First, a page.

Move fast – don’t be afraid of failure

Empower your dreamers – say “yes”

Develop a vision and tie it to your mission

Focus on areas of most importance

Think about connecting with others

Brad Rathberger

Director, Online School for Girls

cc licensed image shared by flickr user Derek Purdy

As happens time and time again, at a professional learning experience related to technology, I learned not as much about technology as about learning.

I’ve enrolled in Charting a Direction for Online Learning, a year long course designed for educators at independent  schools. The course is sponsored by Online School for Girls, a learning organization serving a consortium of independent girls schools by assisting member schools to collaboratively develop blended learning experiences for their students. Most of the learning in this professional course occurs on-line, yet this past week I attended the first of two face to face sessions.

“Blended and online learning is as evolving of a field is there is in education. It is flipped on its head every six months or so,” shared Brad Rathberger, Director of Online School for Girls. We are beginning to recognize the potential to dramatically shift control of learning from teachers to students not as much through the technology as through the previously unimaginable potential for flexibility in the use of space and time made possible with technology.

Among the greatest moments of learning was the opportunity to hear from a number of students at School of the Holy Child. “We learn a lot about responsibility, academic integrity, learning to work with other people, and flexibility,” shared one of these very impressive high school seniors, reflecting on a course she was taking in multi-variable calculus. Participating in a college level math course, and interacting with some of the top female high school math students in the country, she interestingly didn’t reflect as much on math or technology, as on learning and growth, noting with maturity how she is less shy and more able to manage her time than she had been prior to her online learning experience.

While one cannot make generalizations about online and blended learning as there are so many approaches, evolving so rapidly, there are a number of broad models currently in use:

  • Rotation Model
  • Flex Model
  • Self-Blend Model
  • Enriched-Virtual Model

Rotation Model

Station Rotation Model

  • Students rotate through three broad types of activities in a continuous loop: individualized online instruction, teacher-led instruction, and collaborative activities and stations. This is the simplest blended learning model.
  • Alternatively, instead of one component of online learning there are two components, the individualized on-line instruction and the on-line assessments. Students rotate through four broad types of activities in a continuous loop: individualized online instruction, individualized online assessment, teacher-led instruction, and collaborative activities and stations.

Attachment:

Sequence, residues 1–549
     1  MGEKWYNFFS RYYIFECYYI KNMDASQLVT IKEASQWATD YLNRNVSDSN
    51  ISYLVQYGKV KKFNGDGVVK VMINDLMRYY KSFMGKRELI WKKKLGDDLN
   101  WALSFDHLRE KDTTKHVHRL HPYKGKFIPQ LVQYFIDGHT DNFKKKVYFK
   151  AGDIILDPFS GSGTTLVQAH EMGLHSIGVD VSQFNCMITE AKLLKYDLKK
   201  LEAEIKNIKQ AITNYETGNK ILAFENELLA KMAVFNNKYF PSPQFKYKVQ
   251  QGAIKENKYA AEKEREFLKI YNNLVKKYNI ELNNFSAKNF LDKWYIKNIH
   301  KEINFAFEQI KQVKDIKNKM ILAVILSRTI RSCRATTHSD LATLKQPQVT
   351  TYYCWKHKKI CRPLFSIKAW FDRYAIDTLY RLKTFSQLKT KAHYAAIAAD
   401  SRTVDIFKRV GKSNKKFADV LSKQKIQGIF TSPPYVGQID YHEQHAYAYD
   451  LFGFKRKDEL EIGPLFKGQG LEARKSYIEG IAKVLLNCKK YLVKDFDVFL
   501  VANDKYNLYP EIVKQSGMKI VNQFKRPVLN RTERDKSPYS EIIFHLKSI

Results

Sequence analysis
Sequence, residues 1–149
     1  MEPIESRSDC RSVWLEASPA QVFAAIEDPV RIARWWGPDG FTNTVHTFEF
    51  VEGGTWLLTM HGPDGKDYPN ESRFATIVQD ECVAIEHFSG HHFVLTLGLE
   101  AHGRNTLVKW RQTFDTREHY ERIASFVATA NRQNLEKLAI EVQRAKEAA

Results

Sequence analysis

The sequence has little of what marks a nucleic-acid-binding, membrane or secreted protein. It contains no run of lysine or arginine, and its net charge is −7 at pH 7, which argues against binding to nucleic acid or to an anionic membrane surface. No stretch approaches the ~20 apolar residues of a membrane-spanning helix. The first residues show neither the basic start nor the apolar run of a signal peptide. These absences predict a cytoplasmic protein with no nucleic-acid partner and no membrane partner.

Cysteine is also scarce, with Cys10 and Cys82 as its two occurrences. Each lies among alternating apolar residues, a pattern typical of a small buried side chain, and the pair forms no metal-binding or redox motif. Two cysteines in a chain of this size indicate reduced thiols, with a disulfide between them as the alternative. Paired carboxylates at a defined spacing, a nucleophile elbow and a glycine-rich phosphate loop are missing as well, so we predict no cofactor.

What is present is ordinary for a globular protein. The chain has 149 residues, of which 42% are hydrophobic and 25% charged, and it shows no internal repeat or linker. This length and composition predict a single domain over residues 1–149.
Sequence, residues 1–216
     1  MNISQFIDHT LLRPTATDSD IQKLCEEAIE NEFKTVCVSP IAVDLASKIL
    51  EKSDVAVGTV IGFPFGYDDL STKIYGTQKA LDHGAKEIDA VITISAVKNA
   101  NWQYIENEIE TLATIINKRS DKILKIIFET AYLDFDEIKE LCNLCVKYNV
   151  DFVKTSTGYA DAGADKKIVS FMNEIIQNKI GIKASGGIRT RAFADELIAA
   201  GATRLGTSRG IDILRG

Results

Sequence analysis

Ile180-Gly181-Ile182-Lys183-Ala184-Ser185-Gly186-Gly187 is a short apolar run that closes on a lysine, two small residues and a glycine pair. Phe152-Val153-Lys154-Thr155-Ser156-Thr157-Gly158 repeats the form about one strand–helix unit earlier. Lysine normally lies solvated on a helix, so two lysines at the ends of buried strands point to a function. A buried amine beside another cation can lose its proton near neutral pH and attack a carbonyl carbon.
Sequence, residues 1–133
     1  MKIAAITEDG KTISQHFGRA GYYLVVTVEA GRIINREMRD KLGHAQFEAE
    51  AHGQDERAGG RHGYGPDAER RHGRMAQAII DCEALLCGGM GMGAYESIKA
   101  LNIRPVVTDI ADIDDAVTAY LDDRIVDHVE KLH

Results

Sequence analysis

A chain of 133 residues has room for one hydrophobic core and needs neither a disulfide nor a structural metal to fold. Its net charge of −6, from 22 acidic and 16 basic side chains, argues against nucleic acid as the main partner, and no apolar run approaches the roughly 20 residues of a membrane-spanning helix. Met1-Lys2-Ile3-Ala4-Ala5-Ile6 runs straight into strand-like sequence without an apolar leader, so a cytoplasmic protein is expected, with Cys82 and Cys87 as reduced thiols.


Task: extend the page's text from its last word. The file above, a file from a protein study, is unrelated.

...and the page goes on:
Lab Rotation model

  • There is direct instruction for 3/4 of the day in math/science and literacy/social studies with teachers. There is a learning lab with on-line activities for the rest of the day, supervised by paraprofessionals.

Individual Rotation Model

  • There is a central computer lab along with numerous other learning settings, chosen depending on what a student might need; intervention, seminars, direct instruction, and group projects.

Flex Model

  • Students learn in a massive computer lab staffed by paraprofessionals for about half their day; and work with teachers in small groups for the other half. They come together for lunch and social activities.

Self-Blend Model

  • There is a physical place for students to come to learn in a collaborative environment when they choose to do so. Students can also work at home with their online teacher. They are not required to be in school.

Enriched Virtual Model

  • Students participate in supplemental on-line courses.

Independent mission-driven schools, not yet as fast moving or skilled at collaboration with other schools as we will need to become, must overcome a number of challenges, and capitalize on numerous strengths and opportunities, in order to design our own solutions for utilizing on-line and blended learning. If we are not proactive, as Brad Rathberger warns, we may find ourselves forced into solutions that do not reflect our missions.

As we move forward, what shall we consider in the move to blended learning options? How might we imagine anew possibilities for use of space, time, and financial resources? How might we assess the quality of on-line options? How might we support teachers to adapt and prepare for teaching and learning in a blended environment? How might we prepare our students? What cautions might we consider? What might inspire and enable us to dream?